Sunday 5 March 2023

Style and youthful charm: English Touring Opera brings out the musical delights of Donizetti's murderous heroine, Lucrezia Borgia

Donizetti: Lucrezia Borgia - Paula Sides - English Touring Opera (Photo: Richard Hubert Smith)
Donizetti: Lucrezia Borgia - Paula Sides - English Touring Opera (Photo: Richard Hubert Smith)

Donizetti: Lucrezia Borgia; Paula Sides, Thomas Elwin, Aidan Edwards, Katie Coventry, directed: Eloise Lally, conducted Gerry Cornelius, the Old Street Band; English Touring Opera at the Hackney Empire

A welcome outing for Donizetti's rarely staged Lucrezia as ETO brings out the work's musical riches in an engaging performance from a largely youthful cast including a period instrument band

With the exception of his comedies and a bare handful of more serious operas, Donizetti's operas are only rarely seen in the opera house, so it was welcome indeed that English Touring Opera's second production of their 2023 Spring Season was Donizetti's Lucrezia Borgia. Last seen in London in 2011 at ENO (in Mike Figgis' production with Claire Rutter), the work's previous major outing in the capital was at Covent Garden in 1980 with Joan Sutherland.

On Friday 3 March 2023, English Touring Opera (ETO) performed Donizetti's Lucrezia Borgia at the Hackney Empire. Directed by Eloise Lally, the performance featured Paula Sides as Lucrezia, Thomas Elwin as Gennaro, Aidan Edwards as Alfonso and Katie Coventry as Orsini, plus Jerome Knox, Brenton Spiteri, Monwabisi Lindi, Peter Edge, Phil Wilcox, Matthew McKinney, Edward Jowle, Aaron O'HareMasimba Ushe and Ben Knight. Designs were by Adam Wiltshire within the gold box frame designed by Cordelia Chisholm for Giulio Cesare, lighting was by Ric Mountjoy. Gerry Cornelius conducted the Old Street Band, ETO's period instrument ensemble.

Donizetti wrote Lucrezia Borgia in 1833 for La Scala, Milan, three years after his breakout success with Anna Bolena and a year before Maria Stuarda. Lucrezia Borgia returns to the same literary version of history, this time based on a play by Victor Hugo. It is a strange piece. With most operas of the period, you can summarise what the opera is really about, the emotional nub. With Lucrezia it is tricky, the plot is almost inconsequential and is really only the unfortunate confluence of public and private in the life of its murderous heroine. Often, Donizetti's music fails to convince of these murderous intentions, yet is unfailingly wonderful. I came out of the theatre charmed and delighted, without being put through any sort of emotional wringer.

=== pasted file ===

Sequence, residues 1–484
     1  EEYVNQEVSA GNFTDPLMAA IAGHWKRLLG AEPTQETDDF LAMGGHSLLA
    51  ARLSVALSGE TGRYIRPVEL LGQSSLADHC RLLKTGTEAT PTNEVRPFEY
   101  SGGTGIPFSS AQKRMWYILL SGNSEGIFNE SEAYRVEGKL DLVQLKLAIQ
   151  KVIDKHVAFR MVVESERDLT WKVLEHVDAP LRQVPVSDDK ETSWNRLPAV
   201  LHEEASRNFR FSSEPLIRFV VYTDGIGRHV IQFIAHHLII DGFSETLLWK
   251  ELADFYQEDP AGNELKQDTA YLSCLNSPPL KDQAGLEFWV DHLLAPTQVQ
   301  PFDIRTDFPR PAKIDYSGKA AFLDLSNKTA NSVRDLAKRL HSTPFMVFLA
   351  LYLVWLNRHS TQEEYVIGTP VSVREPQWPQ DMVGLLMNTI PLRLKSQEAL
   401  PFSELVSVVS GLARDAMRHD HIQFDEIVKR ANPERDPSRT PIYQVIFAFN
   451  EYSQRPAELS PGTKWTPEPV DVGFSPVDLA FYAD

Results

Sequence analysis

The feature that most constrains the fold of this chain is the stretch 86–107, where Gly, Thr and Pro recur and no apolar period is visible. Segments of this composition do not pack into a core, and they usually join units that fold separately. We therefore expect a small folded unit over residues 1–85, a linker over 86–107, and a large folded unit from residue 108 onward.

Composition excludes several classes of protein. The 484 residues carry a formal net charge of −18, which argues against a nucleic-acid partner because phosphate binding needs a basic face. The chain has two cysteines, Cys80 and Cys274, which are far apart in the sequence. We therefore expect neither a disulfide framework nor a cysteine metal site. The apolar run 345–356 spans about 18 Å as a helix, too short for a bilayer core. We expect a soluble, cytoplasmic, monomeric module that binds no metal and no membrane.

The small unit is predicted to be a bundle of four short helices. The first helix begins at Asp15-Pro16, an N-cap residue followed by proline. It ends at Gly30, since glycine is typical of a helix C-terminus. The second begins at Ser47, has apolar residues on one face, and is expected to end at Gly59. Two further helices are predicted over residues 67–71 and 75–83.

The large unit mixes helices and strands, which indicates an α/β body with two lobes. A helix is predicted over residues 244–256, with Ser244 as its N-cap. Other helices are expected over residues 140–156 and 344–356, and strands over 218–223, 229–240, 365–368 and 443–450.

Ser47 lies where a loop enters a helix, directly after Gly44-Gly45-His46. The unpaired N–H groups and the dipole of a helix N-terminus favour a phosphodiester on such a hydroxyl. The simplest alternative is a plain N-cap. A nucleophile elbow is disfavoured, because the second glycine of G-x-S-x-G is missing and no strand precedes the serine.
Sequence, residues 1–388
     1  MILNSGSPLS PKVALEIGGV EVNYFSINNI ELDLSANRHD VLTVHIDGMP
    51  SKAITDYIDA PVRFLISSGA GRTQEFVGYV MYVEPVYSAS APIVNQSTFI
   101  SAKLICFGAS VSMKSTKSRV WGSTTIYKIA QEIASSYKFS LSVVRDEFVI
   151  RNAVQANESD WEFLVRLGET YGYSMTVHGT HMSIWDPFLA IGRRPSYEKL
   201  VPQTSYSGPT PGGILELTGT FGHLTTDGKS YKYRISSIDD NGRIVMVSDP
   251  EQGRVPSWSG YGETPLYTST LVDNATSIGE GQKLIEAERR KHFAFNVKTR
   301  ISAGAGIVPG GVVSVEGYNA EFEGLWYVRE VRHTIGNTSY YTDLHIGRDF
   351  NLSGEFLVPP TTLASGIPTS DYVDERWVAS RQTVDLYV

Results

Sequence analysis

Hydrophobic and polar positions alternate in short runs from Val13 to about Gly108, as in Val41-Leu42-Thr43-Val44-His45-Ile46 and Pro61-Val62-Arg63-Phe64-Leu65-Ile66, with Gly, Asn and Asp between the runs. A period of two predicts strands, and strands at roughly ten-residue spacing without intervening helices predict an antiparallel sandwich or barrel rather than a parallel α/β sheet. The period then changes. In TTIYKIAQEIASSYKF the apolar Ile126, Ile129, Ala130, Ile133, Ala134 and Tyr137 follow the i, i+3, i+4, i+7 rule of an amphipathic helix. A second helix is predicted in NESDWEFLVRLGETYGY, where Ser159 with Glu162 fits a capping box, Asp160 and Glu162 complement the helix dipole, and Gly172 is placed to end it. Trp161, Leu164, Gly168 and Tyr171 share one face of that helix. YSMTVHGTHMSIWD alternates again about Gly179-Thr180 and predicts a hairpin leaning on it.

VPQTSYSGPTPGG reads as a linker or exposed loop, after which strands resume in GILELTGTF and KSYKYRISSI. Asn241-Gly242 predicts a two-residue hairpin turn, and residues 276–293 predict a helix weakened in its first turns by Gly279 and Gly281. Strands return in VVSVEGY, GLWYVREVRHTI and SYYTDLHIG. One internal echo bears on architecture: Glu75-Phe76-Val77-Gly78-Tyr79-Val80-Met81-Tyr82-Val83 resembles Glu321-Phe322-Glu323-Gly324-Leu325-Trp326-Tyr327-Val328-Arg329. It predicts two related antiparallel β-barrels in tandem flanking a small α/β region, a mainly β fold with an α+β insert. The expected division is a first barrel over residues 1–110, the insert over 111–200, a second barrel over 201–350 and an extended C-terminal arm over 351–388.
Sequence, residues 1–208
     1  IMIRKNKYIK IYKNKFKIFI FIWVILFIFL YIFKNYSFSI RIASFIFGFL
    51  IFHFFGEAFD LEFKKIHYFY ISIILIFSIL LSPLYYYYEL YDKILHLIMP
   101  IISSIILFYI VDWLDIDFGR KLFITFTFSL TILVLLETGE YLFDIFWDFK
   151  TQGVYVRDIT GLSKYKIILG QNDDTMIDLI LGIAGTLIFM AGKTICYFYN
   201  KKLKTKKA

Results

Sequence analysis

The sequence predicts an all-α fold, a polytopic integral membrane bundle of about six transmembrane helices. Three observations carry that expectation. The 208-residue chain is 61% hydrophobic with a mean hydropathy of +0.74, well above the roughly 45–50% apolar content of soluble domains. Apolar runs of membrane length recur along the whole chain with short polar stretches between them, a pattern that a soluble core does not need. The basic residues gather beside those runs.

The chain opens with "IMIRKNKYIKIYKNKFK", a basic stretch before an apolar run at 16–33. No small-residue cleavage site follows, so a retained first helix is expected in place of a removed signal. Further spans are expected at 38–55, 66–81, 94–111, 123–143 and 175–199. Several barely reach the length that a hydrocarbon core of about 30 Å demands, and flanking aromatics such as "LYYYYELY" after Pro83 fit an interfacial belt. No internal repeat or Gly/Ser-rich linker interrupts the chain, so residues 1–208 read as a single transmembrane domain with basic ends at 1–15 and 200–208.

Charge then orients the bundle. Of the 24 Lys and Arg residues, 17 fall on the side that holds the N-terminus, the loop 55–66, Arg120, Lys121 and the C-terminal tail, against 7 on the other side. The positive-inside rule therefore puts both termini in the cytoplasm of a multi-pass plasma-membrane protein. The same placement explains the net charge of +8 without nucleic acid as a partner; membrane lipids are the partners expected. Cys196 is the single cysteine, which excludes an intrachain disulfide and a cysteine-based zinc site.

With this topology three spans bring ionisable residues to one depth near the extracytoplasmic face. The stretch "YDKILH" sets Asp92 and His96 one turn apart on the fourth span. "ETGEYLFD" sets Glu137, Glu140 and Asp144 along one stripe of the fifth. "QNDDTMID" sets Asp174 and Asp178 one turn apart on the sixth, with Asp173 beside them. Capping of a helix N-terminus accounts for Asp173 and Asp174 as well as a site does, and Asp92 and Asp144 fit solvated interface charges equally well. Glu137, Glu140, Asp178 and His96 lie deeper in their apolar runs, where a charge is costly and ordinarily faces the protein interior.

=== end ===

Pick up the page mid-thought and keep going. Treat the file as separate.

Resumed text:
Donizetti: Lucrezia Borgia - Thomas Elwin, Katie Coventry & the ragazzi - English Touring Opera (Photo: Richard Hubert Smith)
Donizetti: Lucrezia Borgia - Thomas Elwin, Katie Coventry & the ragazzi - English Touring Opera (Photo: Richard Hubert Smith)

It is quite a chamber piece, there is no chorus and though there are eleven named roles (plus the three brigands), we have few big ensemble scenes, instead, there are a series of smaller ones and a number of the lesser roles, notably Matthew McKinney's Rustighello, have quite significant moments. The strangeness continues with the layout of the drama. The hero, Gennaro (Thomas Elwin) had two duets with Lucrezia (Paula Sides), the first being almost a love duet despite the fact that she is his mother (a fact not revealed till the very end), then in Act Two he had a duet with his best friend, Orsini (a trousers role, played by Katie Coventry), which got into serious bromance territory, and in this production a little beyond. So, we have incest with a side-order of homosexuality, all in the 16th century, so that was OK, wasn't it?

Eloise Lally's production was very traditional, she did not try to do anything too psycho-analytic to it. There were hints of a different production, the way Liverotto (Brenton Spiteri) was flirting with Gubetta (Edward Jowle) in Act One, and the aforementioned duet between Orsini and Gennaro that almost ended in a clinch. But then the whole piece has a very homosocial feel, after all, there is actually only one female character in the piece. Adam Wiltshire's costumes were a sort of modern dressing-up-box version of the 16th century with rather a fondness of leather trousers and an avoidance of men in real hose.

But Lally had a tendency to arrange singers in an attitude and then let them get on with it. She brought a welcome element of dynamic drama to the recitative, but set pieces could be rather static. Part of this was understandable, after all the music in the opera is complex and was being sung by a largely young cast, many new to their roles. And frankly, I rather enjoyed it. The production did not tap any deep psychological wells and indeed, does the opera have any? It was gorgeous to look at, and Wiltshire had been very imaginative with the use of his budget, told the story adequately and provided a good frame for some fine singing.

This wasn't, quite, Donizetti singing for the ages, but there was much to enjoy. Yes, there were occasional flurries of smudged passagework, but overall this was a performance with style and pace and the principals all managed to pull the requisite dazzle out of a hat. It will bed down during the run; with shows like this, you feel critics should be invited to a performance mid-run, when everyone has settled in.

Donizetti: Lucrezia Borgia - Paula Sides, Aidan Edwards - English Touring Opera (Photo: Richard Hubert Smith)
Donizetti: Lucrezia Borgia - Paula Sides, Aidan Edwards - English Touring Opera (Photo: Richard Hubert Smith)